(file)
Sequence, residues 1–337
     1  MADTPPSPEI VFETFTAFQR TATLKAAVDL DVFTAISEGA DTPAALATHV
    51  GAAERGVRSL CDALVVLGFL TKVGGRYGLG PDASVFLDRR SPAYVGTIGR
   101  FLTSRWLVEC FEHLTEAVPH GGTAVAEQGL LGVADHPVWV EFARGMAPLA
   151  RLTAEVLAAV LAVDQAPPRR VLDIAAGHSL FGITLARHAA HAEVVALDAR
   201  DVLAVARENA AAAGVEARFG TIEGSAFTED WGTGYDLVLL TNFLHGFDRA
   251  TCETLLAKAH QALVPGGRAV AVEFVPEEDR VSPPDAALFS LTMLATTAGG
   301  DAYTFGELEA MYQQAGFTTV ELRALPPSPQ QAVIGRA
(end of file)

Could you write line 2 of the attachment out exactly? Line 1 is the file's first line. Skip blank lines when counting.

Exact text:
     1  MADTPPSPEI VFETFTAFQR TATLKAAVDL DVFTAISEGA DTPAALATHV